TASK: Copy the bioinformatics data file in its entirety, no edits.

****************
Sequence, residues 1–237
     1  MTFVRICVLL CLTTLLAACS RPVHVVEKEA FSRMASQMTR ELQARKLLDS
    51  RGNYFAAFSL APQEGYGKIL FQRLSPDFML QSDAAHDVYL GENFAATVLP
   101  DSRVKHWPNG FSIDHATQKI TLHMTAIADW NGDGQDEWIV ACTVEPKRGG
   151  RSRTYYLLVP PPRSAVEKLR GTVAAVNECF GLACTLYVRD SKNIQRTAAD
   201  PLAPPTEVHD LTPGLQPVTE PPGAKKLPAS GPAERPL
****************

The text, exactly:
Sequence, residues 1–237
     1  MTFVRICVLL CLTTLLAACS RPVHVVEKEA FSRMASQMTR ELQARKLLDS
    51  RGNYFAAFSL APQEGYGKIL FQRLSPDFML QSDAAHDVYL GENFAATVLP
   101  DSRVKHWPNG FSIDHATQKI TLHMTAIADW NGDGQDEWIV ACTVEPKRGG
   151  RSRTYYLLVP PPRSAVEKLR GTVAAVNECF GLACTLYVRD SKNIQRTAAD
   201  PLAPPTEVHD LTPGLQPVTE PPGAKKLPAS GPAERPL